Back in the days when Test matches were sacrosanct and every team in the world selected their strongest available XI for every match, South Africa traveled to Harare for a Test match against Zimbabwe with a hopelessly over-qualified team to take on what was, in 1999, a still plucky team with a strong batting line-up.
Nonetheless, the Flower brothers, Murray Goodwin, Neil Johnson and Alistair Campbell couldn’t do much to prevent a slide to 102 all out in the first innings with Shaun Pollock collecting 4-32, Lance Klusener 3-39 and Hansie Cronje exercising his captain’s prerogative to jump the queue at the end to pick up 3-14. Allan Donald had literally been unplayable during two spells which added up to 10-5-10-0.
Jacques Kallis (115) and Mark Boucher (125), bizarrely used as a nightwatchman ahead of Jonty Rhodes, helped the visitors to 462 and Zimbabwe were bundled out for 141 second time around with Pollock taking another three wickets and Paul Adams (3-40) finally getting a bowl. Done and dusted by an innings and 219 runs inside three days. Time for an outing.
Three of us headed to Victoria Falls for a spot of bungee-jumping from the Livingstone Bridge, the highest commercial jump in the world at the time, and white-water rafting on the Zambezi River, still the river with more grade five rapids than any other.
Paddy Upton, Proteas fitness trainer as he was then, was not just an experienced bungee-ist but had actually worked on a commercial operation. He asked if he could tie my ankle bindings for my debut and then did that thing where he shouts “Oh my God, they’re not tied…” just as I took off. Fun and games. Team physiotherapist, Craig Smith – ‘Fizz’ – thought it was pretty amusing.
So, to the rafting. Three boats would be going and plotting slightly different courses depending on the strength of the paddling passengers and the level of adventure desired, or required. Our boat was skippered by a Kiwi raftsman called ‘Muzza’ who had worked the rapids of his country’s South Island for many years before challenging the toughest, navigable river in the world.
At first there were just six of us assigned to Muzza’s boat. The other two were ‘running late’, he told us. But they arrived, in a private land rover, just in time to be fitted with their helmets and life-jackets and to undergo Muzza’s on-river safety briefing and drills on a quiet section, flat section above the decent. It was his third season on the Zambezi and there was no doubt he knew what he was doing.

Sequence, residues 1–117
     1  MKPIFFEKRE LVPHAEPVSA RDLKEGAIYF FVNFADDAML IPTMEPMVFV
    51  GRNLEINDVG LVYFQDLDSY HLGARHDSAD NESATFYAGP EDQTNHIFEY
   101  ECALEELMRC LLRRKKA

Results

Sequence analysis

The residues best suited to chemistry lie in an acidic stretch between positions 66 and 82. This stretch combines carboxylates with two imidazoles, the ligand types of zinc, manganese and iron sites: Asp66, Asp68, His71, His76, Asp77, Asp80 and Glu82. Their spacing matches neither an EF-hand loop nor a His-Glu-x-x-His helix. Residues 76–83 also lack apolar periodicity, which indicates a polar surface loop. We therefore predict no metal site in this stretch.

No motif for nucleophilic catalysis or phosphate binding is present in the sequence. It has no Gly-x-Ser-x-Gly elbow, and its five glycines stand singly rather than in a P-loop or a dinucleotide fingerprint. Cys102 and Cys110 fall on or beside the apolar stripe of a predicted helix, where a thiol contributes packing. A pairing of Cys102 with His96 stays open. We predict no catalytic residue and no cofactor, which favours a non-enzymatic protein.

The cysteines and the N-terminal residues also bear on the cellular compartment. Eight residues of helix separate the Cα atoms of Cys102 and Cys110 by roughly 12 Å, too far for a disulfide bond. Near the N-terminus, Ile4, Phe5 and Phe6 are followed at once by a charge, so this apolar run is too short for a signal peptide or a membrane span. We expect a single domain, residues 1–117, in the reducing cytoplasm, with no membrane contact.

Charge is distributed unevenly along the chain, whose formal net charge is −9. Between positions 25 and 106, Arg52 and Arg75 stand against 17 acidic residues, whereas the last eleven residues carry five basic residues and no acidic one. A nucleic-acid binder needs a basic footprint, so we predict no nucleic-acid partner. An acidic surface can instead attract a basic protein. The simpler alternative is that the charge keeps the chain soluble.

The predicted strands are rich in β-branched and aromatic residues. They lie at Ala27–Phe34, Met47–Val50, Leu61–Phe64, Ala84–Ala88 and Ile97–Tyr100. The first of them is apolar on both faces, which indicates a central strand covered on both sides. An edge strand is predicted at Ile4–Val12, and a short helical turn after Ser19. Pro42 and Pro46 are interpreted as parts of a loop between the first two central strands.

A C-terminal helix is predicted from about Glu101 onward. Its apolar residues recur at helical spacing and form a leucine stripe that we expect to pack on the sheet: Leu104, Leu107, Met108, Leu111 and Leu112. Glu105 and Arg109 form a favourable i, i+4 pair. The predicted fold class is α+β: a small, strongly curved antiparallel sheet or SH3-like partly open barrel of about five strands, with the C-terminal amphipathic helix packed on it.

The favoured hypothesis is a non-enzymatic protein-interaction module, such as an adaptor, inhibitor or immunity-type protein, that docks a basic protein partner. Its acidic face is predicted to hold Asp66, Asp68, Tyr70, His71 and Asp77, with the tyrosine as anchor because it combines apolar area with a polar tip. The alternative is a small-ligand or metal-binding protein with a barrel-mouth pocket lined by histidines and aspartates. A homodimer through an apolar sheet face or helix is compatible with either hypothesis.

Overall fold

It was preferable, he told us, not to capsize because that’s when accidents happen. The rocks are hard and the whirlpools can suck you under the water for 30 seconds or more. He suggested we held our breath and didn’t panic because the river would spit us out eventually. If we weren’t able to hang onto the raft if we flipped, we were to fold our arms so they didn’t snap off and go through the ‘washing machine’ until we reached the next section of calm water where he would pick us up.
It was important that we worked together as a team and followed his instructions, paddling on one side of the boat or the other to maintain the correct line of approach into each rapid. Safety briefing and a few practise manoeuvres completed, he said we should get to know ‘a bit about each other’ to help with our teamwork. He went first. That’s when he told us about the South Island and some stuff about New Zealand men, tatoos and facial hair. It was more amusing than Paddy’s bridge joke.
He went around his crew, one by one. I’m the fitness trainer for the SA cricket team, I’m the physio, I’m a journalist etc. He had a couple of deprecating one-liners for each of us which made the others laugh. Then he came to the last one.
“And what’s your name, and what do you do?”
“I’m Richard and I’m, err, in the music business.”
“Sounds cool – like what, exactly? Do you play guitar? Sing? Drums?”
“More, umm, on the business side.”
“Guess the music business can be a bit seasonal, like my game, so what else keeps you busy? Got your finger in any other pies?”
“A few things, yes…”
“Tell us a bit more, mate. Any one us could save anyone else’s life today, it helps if we know whether we’re worth dragging out the water. Don’t be shy, Richard – or can I call you Dick? Are you a Dick, or more of a Richard?”
“I’m, ha ha…I work, I’m involved in the air, err, travel business. I’m more of a Richard.”
And with that, we were off. And sure enough, we flipped. That’s me clinging on for dear life in front of the picture. And Richard disappeared. There were seven of us, and no Richard. Then he popped up. A whirlpool had taken him but he had clung on to his paddle which was bent beyond 90 degrees. He had no idea how it had happened but it was, wryly observed by Muzza, fortunate that it wasn’t his arm. We posed all for a photograph afterwards having signed the oar. Cricket.
In this article, Neil Manthorp unwittingly introduced me to something I have never before experienced. Feeling sorry for Richard Branson. That whole blokeish humour thing involving the feeble and ancient Richard or Dick line, was nearly enough to make me reconsider my views on Branson. But only nearly. Ultimately, sanity prevailed.
Still, in Neil's hands, even blokeish humour can be transformed into beautiful story telling.
nice one Neil. Branson- a real character! I rafted and was a so-called 'long swimmer', but it was an incredible experience. The hardest part was retaining the 2 beers that were quickly drunk after the steep climb out- on a very bumpy truck. Sweated blood for that!